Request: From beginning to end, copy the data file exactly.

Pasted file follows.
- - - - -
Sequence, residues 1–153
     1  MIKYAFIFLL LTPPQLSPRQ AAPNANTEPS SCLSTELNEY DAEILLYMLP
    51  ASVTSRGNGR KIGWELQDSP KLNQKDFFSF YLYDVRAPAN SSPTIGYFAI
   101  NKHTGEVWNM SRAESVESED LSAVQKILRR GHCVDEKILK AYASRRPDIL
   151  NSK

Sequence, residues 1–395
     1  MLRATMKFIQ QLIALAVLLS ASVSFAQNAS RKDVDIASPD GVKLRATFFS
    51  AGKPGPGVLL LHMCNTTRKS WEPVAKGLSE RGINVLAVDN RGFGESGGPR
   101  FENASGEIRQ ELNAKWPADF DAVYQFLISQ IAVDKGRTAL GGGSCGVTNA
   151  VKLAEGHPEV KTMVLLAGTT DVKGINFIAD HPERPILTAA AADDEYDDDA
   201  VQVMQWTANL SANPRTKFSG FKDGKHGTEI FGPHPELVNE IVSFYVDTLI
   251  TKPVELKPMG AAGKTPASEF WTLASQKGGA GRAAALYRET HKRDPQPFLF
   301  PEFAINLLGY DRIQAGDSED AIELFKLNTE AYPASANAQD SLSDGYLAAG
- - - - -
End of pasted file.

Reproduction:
Sequence, residues 1–153
     1  MIKYAFIFLL LTPPQLSPRQ AAPNANTEPS SCLSTELNEY DAEILLYMLP
    51  ASVTSRGNGR KIGWELQDSP KLNQKDFFSF YLYDVRAPAN SSPTIGYFAI
   101  NKHTGEVWNM SRAESVESED LSAVQKILRR GHCVDEKILK AYASRRPDIL
   151  NSK

Sequence, residues 1–395
     1  MLRATMKFIQ QLIALAVLLS ASVSFAQNAS RKDVDIASPD GVKLRATFFS
    51  AGKPGPGVLL LHMCNTTRKS WEPVAKGLSE RGINVLAVDN RGFGESGGPR
   101  FENASGEIRQ ELNAKWPADF DAVYQFLISQ IAVDKGRTAL GGGSCGVTNA
   151  VKLAEGHPEV KTMVLLAGTT DVKGINFIAD HPERPILTAA AADDEYDDDA
   201  VQVMQWTANL SANPRTKFSG FKDGKHGTEI FGPHPELVNE IVSFYVDTLI
   251  TKPVELKPMG AAGKTPASEF WTLASQKGGA GRAAALYRET HKRDPQPFLF
   301  PEFAINLLGY DRIQAGDSED AIELFKLNTE AYPASANAQD SLSDGYLAAG